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The guys I hung around with were Robert Hallam (aka. Bob) (1st Form), John Bignall (aka. Biggles), John Perkins & Martin Caulfield (2nd Form), Graham Stocker (aka. Lofty) (2nd or 3rd Form), Michael Dennis (aka. Dick), John Morley (aka. Mitzi), David Johnson (aka. Johnno, the Johnno formation is pure Nottingham), Tim Wallace (aka. Wal). My own aka. was Big Joe Mumblefuzz, or just Joe. Collectively, Bob, Lofty, Dick, Mitzi, Johnno, Wal and I were The Morons.
The girls we hung round with were Elaine Straw, Hazel Burton, Leslie Taylor, Brenda Thompson, Maggie (whose surname I forget), and several others who drifted in and out of the circle.
Famous bike accidents
Bob ran into the back of a parked car in thick fog on Brindley Road while I was telling him to be careful because I remembered seeing one around there that morning.
Four of us fell off, one by one, with almost military precision on Bilborough Road, south of Cockington Road, riding home on fresh snow. The other three were, I think, Bob, Mitzi and Johnno. We ended up in the snow writhing in laughter. The big green City of Nottingham double-decker bus that started the whole thing lumbered past without stopping.
Bob and I carried our love of bike accidents into our university days. We were working at the Boots plant in Beeston one summer. Riding home together at the end of the day, we found ourselves traversing the parking lot of The Priory from opposite ends. It seemed natural to assume mock-jousting attitudes with mock-jousting poles. We were both unseated and Bob's mount had to be put down. OK, his front wheel was buckled beyond riding and I believe beyond repair. No beer was involved.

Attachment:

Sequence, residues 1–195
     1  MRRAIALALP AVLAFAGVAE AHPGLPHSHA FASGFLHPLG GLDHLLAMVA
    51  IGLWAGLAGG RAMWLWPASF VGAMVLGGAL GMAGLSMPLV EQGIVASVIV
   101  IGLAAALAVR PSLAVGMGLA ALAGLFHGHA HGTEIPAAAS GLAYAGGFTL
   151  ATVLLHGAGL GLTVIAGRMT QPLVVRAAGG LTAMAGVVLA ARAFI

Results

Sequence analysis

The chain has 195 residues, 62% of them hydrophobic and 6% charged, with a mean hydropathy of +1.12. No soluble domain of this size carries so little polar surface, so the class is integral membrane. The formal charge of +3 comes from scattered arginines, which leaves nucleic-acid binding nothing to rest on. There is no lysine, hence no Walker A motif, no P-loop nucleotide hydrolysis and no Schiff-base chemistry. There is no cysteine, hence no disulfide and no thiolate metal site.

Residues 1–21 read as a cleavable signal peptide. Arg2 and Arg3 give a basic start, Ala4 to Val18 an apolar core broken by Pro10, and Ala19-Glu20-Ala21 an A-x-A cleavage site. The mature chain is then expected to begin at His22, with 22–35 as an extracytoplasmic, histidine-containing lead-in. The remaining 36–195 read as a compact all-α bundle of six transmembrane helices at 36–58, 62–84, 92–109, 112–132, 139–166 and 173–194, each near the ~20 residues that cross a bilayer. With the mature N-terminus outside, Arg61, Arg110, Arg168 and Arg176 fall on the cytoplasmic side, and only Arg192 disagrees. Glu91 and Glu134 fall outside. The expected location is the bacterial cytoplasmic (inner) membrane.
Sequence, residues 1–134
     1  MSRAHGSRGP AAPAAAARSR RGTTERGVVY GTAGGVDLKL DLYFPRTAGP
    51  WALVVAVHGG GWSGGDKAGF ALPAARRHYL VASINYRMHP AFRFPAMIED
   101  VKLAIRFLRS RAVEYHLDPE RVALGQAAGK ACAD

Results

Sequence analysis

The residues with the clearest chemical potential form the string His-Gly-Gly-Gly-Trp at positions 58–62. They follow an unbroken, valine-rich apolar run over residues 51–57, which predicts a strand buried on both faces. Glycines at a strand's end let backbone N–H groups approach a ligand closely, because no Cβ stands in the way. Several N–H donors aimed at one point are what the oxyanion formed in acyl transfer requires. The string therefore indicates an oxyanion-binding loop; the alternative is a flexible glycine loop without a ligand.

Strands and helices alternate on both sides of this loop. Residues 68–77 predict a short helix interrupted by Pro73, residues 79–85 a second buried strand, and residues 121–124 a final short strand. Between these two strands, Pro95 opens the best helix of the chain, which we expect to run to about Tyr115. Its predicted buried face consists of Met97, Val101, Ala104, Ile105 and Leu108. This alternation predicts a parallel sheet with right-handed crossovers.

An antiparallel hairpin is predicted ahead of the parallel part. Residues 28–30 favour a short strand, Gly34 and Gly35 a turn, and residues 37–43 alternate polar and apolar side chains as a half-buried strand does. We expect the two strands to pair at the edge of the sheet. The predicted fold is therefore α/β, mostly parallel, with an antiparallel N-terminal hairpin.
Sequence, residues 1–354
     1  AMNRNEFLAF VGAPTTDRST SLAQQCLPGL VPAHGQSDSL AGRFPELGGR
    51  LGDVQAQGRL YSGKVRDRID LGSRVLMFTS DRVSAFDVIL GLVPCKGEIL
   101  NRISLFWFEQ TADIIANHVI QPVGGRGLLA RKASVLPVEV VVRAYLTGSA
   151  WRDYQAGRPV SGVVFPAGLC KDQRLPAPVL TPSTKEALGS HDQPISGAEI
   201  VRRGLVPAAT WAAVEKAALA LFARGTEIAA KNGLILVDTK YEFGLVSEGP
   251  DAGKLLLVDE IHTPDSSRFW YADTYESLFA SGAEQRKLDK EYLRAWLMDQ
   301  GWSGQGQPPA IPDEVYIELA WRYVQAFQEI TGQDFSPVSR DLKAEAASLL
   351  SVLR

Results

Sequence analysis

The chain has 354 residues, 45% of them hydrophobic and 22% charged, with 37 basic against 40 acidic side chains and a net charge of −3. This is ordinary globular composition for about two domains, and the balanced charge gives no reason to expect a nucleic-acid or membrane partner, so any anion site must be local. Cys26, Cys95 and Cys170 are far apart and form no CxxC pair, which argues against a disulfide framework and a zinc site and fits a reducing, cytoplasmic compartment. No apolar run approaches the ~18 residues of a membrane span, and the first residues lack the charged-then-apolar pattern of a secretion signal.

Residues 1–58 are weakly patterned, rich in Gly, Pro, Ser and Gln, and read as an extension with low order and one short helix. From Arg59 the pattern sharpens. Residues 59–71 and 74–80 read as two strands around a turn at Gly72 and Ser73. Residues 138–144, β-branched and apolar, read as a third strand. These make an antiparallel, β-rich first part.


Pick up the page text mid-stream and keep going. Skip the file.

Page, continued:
The conservative Mr Bartlett, music teacher, and the radical Mr what-his-name [Pither], with the wild wavy dark hair brushed back who introduced us to John Cage's 4' 3".
Assembly always closed with classical music. Thank you Mr Bartlett (or Mr Williams) for bending my ears at such a tender age. That and my mum's preference for BBC Radio 4 at home led me on, once I could afford it, to become an avid symphony and chamber music concert-goer.